Foreword Reviews

State of Grace

This novel about a girl awakening as she questions the cult she’s grown up in is full of wisdom and potential.

In a paradisaical, hyper-sexualized cult created by Dot (a goddess figure), Wren spends her days hooking up, freewheeling in the lagoon, and picking fruit. Without questioning existence, or the story laid out in the Books of Dot, she experiences visions of a past life that kindle new doubts. Hilary Badger’s dystopian State of Grace loosely parallels Eden, with a corporate twist involving mass drugging. The journey of a guileless teen, who confronts the truth about the clinical trial she signed on for, raises disturbing questions on the blind acceptance of faith, dependence, and guilt.

Wren’s world begins unraveling when fellow teen and resident Blaze challenges her perceptions. When a child from the “outside” world intrudes, she must decide whether to continue believing in Dot or accept the elaborate lie. A fight that evokes The Lord of the Flies divides the teens. In a whirlwind finale, Wren and Blaze recover the traumatic memories that had lead them into Dot’s cult in search of refuge. The intricate world-building results in a fantasy that blends pharmaceuticals and greed in emotional ways.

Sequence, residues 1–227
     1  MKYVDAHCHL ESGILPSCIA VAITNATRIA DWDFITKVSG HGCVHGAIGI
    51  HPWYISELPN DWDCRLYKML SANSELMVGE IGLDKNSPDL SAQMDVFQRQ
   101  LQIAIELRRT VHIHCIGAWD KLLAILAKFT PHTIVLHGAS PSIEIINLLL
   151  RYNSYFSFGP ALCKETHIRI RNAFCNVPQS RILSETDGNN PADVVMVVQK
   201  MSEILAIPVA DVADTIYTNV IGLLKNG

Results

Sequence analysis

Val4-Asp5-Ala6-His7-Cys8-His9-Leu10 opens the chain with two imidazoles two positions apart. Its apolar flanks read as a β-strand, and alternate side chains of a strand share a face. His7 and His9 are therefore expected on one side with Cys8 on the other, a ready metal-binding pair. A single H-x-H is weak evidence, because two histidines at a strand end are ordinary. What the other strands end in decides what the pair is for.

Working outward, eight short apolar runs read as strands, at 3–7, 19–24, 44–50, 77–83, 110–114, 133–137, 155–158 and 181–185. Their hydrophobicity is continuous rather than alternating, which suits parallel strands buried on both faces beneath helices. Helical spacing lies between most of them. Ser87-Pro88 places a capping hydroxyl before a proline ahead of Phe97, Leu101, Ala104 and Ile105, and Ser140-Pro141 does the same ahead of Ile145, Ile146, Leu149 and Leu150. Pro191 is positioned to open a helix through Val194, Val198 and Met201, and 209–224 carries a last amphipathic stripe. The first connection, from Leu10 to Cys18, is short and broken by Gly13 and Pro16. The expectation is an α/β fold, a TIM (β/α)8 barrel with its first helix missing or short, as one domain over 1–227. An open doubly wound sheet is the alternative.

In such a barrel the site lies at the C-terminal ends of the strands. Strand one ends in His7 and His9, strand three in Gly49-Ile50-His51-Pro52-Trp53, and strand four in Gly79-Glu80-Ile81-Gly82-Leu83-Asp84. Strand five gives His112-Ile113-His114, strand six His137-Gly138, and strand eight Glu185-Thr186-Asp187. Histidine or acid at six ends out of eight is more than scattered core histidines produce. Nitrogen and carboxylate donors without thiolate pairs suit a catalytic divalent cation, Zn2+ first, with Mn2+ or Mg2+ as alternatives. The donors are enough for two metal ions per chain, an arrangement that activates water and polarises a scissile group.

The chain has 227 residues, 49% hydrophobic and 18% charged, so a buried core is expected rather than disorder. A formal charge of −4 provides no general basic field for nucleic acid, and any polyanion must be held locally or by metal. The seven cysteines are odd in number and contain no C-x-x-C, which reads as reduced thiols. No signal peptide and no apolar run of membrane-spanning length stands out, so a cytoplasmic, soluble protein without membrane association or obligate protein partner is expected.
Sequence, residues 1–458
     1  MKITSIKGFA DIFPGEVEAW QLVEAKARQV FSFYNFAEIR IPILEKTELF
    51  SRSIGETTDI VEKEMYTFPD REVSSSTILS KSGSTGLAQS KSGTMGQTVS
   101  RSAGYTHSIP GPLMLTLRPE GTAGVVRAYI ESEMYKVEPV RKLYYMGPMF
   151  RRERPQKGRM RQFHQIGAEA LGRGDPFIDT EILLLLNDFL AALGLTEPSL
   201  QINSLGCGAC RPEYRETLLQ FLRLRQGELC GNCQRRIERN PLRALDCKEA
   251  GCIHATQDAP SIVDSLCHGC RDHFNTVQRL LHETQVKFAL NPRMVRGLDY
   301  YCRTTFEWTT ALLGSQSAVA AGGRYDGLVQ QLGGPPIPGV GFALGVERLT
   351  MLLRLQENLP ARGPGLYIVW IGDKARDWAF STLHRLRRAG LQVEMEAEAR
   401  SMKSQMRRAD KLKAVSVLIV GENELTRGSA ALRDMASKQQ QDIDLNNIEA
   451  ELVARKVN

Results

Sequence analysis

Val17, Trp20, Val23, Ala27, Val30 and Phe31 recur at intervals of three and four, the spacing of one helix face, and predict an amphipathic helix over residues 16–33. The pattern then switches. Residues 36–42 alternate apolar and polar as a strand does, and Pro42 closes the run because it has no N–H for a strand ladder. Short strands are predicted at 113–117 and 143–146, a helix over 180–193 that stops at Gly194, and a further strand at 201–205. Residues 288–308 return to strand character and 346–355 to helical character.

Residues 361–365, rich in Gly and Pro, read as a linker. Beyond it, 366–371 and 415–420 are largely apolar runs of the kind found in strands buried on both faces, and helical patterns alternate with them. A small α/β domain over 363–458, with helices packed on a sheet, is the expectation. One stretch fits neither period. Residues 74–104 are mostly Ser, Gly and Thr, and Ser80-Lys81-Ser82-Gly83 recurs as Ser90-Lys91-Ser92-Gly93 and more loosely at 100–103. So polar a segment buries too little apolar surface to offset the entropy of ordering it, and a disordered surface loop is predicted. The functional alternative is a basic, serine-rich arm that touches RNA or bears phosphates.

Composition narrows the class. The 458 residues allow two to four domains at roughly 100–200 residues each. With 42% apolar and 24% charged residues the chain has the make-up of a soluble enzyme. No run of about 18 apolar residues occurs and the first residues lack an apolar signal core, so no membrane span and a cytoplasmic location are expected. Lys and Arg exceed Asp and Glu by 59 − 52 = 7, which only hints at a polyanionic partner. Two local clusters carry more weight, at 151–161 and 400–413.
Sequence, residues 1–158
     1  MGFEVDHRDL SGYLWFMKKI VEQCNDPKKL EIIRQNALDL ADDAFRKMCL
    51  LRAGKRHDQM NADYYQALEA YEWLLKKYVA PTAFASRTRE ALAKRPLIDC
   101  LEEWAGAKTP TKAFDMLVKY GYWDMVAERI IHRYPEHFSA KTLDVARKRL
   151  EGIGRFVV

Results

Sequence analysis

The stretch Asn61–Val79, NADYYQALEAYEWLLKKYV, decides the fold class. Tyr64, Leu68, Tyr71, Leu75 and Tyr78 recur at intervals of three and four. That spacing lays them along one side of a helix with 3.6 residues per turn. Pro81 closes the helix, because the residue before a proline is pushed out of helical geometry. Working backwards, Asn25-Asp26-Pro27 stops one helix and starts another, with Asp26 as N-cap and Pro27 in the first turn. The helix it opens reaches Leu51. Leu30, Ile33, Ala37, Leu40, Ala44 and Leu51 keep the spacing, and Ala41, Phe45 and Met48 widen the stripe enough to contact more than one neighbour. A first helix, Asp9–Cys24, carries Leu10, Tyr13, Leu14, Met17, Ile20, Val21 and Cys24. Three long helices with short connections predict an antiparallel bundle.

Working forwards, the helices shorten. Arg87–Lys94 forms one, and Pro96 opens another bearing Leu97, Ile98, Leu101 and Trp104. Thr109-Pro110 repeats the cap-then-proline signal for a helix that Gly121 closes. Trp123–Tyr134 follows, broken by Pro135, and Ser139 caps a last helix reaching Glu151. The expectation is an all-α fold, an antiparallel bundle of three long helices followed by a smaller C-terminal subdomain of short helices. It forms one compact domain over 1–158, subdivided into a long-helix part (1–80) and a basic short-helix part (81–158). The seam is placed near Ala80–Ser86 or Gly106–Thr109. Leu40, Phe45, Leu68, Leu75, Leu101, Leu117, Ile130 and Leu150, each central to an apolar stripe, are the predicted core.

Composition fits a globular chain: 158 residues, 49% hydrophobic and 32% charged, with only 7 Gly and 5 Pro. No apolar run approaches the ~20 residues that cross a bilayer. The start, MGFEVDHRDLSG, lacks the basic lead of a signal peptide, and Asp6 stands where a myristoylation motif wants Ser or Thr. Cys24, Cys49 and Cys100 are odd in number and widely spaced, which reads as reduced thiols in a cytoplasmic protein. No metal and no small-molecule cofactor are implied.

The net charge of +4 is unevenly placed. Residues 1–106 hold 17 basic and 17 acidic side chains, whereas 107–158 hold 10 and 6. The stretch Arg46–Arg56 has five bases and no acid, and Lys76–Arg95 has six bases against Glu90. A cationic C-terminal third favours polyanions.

Narrated from Wren’s perspective, the voice recreates teen-speak, using words such as “totally,” “obviously,” “naturally,” and “right?” At times, the repetitive wavering between confidence and hesitance makes her character appear vacuous. Slow pacing at the beginning, a hurried introduction of new elements toward the end—including a rescue group that allows Blaze and Wren to resolve their immediate problems—and a reliance on familiar ideas, from a sexually abusive priest to an evil corporation, keep the work from coming together completely.

The plot presents mature topics such as violence and rape resulting from drug-induced rage and voyeurism in the cyberworld, without detailing their consequences. Fanatical religion, which pits the Dotly against the un-Dotly, also lacks subtlety, though it helps explain Wren’s reluctance to leave the comforts of a life that promises happiness in exchange for obedience. The most poignant message, that self-blame for past mistakes doesn’t have to mean being unlovable, is a worthy one.

Reviewed by Karen Rigby

Disclosure: This article is not an endorsement, but a review. The author of this book provided free copies of the book to have their book reviewed by a professional reviewer. No fee was paid by the author for this review. Foreword Reviews only recommends books that we love. Foreword Magazine, Inc. is disclosing this in accordance with the Federal Trade Commission’s 16 CFR, Part 255.

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